Linux is the OS of choice for most hackers. Given the anti-authoritarian nature of most coders, it's easy to understand why most of them choose to run Linux.

I'm not a hacker. I have only a rudimentary knowledge of programming. My real interest is in the culture surrounding hackers. To write my play, Deadfish, Idaho, I needed to get a closer look at coders doing their thing in the pressurized environment of a release deadline. There's really only one place to do this: the epicenter of hacker culture-Silicon Valley. So last July I traveled there.

One of the things I found most impressive about Silicon Valley is the collaborative relationship that most coders forge with each other. You'd think I could easily relate to this environment, given that the nature of my work in theater is so collaborative, but what I saw there was like nothing I've ever seen. These guys—yes, they're mostly guys-are ruthless. They rip each other to shreds with no hesitation. If you can't leave your ego at the door, you're going to be a very unhappy hacker. There's just no time for diplomacy or ego massage. It's all about optimizing performance and lowering the crash threshold. Nobody takes criticism personally. It's the work. It's always the work.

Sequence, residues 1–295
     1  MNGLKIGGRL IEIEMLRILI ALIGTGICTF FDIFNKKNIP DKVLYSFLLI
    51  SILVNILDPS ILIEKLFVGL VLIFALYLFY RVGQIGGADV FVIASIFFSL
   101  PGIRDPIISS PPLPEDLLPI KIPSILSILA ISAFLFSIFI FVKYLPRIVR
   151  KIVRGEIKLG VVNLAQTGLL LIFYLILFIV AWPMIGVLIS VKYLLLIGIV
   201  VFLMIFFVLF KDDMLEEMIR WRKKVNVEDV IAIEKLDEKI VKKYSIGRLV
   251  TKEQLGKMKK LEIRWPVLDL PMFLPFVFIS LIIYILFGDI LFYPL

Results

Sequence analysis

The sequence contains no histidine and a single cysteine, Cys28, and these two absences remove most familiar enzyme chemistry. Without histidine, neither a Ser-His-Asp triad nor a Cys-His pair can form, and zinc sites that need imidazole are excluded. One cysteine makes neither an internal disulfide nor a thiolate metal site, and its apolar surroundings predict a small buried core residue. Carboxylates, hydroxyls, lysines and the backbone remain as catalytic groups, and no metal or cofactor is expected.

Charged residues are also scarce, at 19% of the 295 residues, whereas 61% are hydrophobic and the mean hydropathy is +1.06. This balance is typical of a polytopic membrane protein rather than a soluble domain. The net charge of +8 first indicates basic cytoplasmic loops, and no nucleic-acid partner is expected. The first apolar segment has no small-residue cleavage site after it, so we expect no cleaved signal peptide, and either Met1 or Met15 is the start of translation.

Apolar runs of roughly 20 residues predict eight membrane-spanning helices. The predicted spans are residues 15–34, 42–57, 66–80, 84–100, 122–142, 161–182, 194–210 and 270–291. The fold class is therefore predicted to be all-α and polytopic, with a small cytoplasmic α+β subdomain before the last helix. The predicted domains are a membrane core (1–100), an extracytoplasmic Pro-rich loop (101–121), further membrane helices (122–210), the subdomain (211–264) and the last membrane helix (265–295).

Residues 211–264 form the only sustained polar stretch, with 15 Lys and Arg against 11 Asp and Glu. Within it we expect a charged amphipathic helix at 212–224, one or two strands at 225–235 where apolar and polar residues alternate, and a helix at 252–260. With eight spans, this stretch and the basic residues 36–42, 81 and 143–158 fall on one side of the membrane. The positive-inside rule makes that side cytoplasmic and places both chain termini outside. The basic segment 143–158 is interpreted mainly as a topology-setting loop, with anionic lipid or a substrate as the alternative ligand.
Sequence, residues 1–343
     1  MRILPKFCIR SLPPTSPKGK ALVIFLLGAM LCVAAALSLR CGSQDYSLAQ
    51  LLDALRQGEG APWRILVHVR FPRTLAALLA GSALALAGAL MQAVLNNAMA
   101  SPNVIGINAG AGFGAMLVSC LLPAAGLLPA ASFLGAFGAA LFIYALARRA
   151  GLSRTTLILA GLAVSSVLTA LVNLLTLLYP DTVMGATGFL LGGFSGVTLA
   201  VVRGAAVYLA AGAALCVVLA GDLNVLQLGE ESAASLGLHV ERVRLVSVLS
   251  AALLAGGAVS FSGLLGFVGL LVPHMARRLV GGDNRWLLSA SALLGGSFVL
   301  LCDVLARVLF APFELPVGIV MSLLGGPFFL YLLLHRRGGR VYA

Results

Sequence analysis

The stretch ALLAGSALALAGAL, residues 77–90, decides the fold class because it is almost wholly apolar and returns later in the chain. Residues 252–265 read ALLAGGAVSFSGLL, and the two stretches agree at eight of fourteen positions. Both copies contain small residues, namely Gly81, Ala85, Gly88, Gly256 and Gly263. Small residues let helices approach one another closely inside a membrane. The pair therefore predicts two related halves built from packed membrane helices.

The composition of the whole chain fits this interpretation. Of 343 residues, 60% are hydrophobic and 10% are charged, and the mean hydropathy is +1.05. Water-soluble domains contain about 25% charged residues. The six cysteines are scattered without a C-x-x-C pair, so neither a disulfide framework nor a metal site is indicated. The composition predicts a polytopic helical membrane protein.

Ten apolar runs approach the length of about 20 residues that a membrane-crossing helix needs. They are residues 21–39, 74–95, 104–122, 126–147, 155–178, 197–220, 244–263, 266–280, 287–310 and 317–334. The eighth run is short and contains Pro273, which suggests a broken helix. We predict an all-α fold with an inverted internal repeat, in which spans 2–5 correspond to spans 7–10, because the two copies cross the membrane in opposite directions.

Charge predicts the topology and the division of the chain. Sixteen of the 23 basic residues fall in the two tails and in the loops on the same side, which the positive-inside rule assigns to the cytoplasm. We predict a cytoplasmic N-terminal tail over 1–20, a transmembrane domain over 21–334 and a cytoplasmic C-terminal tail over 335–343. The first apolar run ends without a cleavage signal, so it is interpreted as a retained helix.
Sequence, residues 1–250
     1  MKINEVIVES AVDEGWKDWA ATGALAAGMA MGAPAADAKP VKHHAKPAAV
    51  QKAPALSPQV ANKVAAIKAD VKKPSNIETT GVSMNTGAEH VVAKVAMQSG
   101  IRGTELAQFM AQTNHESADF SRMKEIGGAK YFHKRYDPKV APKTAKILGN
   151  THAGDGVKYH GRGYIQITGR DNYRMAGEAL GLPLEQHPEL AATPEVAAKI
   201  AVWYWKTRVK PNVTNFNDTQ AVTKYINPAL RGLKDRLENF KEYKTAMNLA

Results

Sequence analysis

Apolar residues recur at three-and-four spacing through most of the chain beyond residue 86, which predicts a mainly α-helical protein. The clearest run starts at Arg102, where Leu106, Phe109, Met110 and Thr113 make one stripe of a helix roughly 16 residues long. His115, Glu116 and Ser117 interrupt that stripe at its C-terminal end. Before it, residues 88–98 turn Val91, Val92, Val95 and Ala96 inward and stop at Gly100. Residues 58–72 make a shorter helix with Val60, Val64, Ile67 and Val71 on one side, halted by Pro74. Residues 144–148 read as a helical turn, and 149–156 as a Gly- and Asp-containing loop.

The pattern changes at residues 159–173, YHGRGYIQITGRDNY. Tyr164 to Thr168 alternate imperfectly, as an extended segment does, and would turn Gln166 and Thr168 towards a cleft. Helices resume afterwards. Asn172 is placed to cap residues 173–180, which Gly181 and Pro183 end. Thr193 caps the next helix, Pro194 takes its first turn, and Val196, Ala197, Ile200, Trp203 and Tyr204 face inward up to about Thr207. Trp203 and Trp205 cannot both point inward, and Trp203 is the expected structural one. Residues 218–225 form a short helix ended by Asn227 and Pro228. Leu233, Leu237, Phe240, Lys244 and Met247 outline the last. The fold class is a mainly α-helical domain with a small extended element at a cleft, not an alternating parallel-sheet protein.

When we began our preliminary production meetings for Deadfish, costume designer Laura Conners, set designer James Gross, and I decided we would attempt to emulate this open collaborative environment. Frankly, I don't think we succeeded. We were able to open our channels of communication a bit wider, but I simply don't think we're conditioned to deal with each other quite that honestly. I'm personally uncomfortable with the brutality of it all.

If I was thrust into the middle of it, I suppose I would gradually adopt the coder mode of communication; but artists don't generally work this way. Our egos are too imbedded in the work.

But I do believe there's a strong connection between what artists do and what coders do. I'm willing to go so far as to say that I believe the best coders are artists. They translate ideas and inspiration into original creations that tend to reflect their own personalities. They have a natural affinity for beauty and design. There is, in fact, such a thing as beautiful code.

Even though I'm not a coder, I have an abiding respect and fascination for what they do, and it's not difficult to imagine what that beautiful code might look like.